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Australia’s Crackdown on Climate Activists 

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Australia’s Crackdown on Climate Activists 

It is critically important for citizens to be able to express their concern about the climate emergency in whatever peaceful way they would like to do so.

Australia’s Crackdown on Climate Activists 
Credit: Depositphotos

Peaceful protesters can face up to two years in prison. Legislation rammed through parliament by lawmakers that increases fines for protest activity to tens of thousands of dollars. Activists attending a protest can be charged for the costs of police and emergency services.

Unfortunately, this is happening right now in Australia. 

With Australia facing an onslaught of record-breaking temperatures, floods, and bushfires in recent years, the climate movement has been growing at a rapid rate. 

Activists across the country have continued to raise the alarm at the worsening climate emergency, government approvals for massive new gas and coal developments, and the logging of native forests. However, rather than taking the urgent measures needed to reduce fossil fuel production, state governments have responded by imposing harsh and disproportionate measures to punish activists, stymie protest, and deter the climate movement.

In April 2022, the New South Wales state government introduced laws and penalties specifically targeting protesters who blocked roads and ports, threatening them with up to two years in prison and AU$22,000 fines. Our review of decisions in New South Wales courts found that people committing violent common crimes like assault were avoiding custodial sentences, while peaceful activists were given months in maximum security prison. 

The state of Victoria followed in August 2022 with harsh new measures targeting environmental protesters at logging sites with up to 12 months in jail or $21,000 in fines. In Tasmania, environmental activists now face fines of $13,000 or two years in prison, while nongovernmental organizations that have been found to “support members of the community to protest” face fines of over $45,000.

On May 16, as the annual gathering of Australian fossil fuel executives got underway in Adelaide in South Australia, an “Extinction Rebellion” protester abseiled off a bridge, temporarily blocking traffic, two days later other activists spray painted the headquarters of a local fossil fuel company. 

The Labor Party state government quickly responded from what is now a depressingly familiar playbook. 

The government introduced harsh new anti-protest measures in the South Australian lower house in the morning and then rushed them through after lunch with bipartisan support after just 20 minutes of debate and no public consultation. The bill would increase the punishment for “public obstruction” 60-fold, from $750 to $50,000 or three months in jail, with activists also potentially facing orders to pay for police and other emergency services responding to a protest or action.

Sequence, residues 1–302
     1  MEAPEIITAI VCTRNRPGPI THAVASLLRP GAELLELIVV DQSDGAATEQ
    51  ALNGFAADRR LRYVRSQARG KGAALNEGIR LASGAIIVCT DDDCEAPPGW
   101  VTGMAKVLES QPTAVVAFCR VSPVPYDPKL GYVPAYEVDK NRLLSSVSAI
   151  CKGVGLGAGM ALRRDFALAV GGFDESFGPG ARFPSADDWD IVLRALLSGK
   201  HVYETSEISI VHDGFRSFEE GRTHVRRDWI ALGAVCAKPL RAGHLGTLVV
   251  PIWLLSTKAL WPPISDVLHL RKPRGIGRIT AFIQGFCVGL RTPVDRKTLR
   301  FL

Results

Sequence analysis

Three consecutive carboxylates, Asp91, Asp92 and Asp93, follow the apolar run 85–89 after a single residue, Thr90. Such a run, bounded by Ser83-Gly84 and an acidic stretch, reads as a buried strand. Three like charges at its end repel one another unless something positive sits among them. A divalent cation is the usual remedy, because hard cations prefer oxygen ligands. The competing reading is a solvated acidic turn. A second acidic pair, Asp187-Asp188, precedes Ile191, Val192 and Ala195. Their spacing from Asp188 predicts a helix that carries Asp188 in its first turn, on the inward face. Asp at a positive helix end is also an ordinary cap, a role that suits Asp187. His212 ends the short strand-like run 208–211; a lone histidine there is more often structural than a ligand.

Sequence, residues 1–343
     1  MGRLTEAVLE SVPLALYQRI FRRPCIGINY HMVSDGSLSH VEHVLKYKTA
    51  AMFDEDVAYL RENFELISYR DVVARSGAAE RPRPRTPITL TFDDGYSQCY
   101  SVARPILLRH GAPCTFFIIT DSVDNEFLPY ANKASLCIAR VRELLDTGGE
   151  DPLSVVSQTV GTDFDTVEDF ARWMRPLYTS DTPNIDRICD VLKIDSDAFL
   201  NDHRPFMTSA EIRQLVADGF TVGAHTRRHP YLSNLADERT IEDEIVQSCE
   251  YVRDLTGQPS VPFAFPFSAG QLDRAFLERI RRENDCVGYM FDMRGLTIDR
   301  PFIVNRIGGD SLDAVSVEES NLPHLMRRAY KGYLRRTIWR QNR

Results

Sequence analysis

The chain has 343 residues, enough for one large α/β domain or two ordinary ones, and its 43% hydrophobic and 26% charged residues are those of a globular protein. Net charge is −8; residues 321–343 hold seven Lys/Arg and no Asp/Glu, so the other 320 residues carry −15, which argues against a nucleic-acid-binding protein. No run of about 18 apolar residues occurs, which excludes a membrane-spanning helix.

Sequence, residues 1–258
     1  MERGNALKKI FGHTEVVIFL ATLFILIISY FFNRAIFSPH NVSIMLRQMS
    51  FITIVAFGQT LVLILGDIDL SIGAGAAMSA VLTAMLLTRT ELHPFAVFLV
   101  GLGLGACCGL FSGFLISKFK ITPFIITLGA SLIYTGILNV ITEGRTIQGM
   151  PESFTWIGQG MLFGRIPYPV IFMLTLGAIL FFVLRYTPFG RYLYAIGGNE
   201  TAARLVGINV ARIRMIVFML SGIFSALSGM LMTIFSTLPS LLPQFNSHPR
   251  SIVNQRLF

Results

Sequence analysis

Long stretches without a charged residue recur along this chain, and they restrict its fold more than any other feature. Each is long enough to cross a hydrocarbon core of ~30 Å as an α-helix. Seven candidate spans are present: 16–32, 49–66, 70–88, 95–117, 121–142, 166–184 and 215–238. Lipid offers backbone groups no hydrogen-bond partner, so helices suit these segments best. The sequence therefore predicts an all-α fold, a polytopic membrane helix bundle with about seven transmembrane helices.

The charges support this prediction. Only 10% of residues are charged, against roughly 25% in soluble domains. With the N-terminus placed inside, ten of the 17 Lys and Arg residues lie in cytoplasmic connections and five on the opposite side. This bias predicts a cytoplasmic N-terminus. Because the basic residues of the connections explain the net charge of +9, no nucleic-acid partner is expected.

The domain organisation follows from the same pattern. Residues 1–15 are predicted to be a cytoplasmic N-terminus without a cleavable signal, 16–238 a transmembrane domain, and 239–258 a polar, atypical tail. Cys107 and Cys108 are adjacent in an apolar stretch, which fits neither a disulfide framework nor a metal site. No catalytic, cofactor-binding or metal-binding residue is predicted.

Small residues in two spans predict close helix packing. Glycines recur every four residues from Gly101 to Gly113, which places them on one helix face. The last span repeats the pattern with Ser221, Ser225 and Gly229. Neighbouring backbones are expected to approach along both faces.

And it’s hard to ignore the fact the new bill was proposed just two days after the state’s energy minister told the fossil fuel industry at a conference that the state was “at your disposal.”

While there is still time for the government to accept amendments and reduce the proposed penalties, local activists fear the bill could soon pass the state’s upper house.

International law recognizes peaceful protest as a basic human right. And government responses against protesters who violate the law must be proportionate, not overbroad, and directed toward meeting a lawful governmental aim. 

This politically motivated crackdown on protest by successive Australian authorities appears designed to intimidate the climate movement and create a chilling effect on those thinking of taking to the streets.

It would be a mistake to conclude that the impact of these laws would be limited to the climate protesters now under threat. The authorities could use these new laws to prosecute anyone who is deemed to be obstructing a public place.

Australia is also sending a dangerous message to the region, where authoritarian governments regularly slap jail terms on peaceful activists. If Australia’s democratically elected governments can get away with treating peaceful protesters like this, then why should any leader in Asia worry about the consequences of locking objectors away? 

Instead of targeting those peacefully drawing attention to the worsening climate crisis, Australian authorities should focus their efforts on phasing out the use and production of fossil fuels and turning the country into a renewable energy superpower. 

It is critically important for citizens to be able to express their concern about the climate emergency and be able to weigh in on the debate, in whatever peaceful way they would like to do so. 

Australian authorities are trying to prevent a full debate on the issue by using legislation that denies people their rights to free expression. In doing so they are putting the environment and climate at risk and, more broadly, democratic debate as well.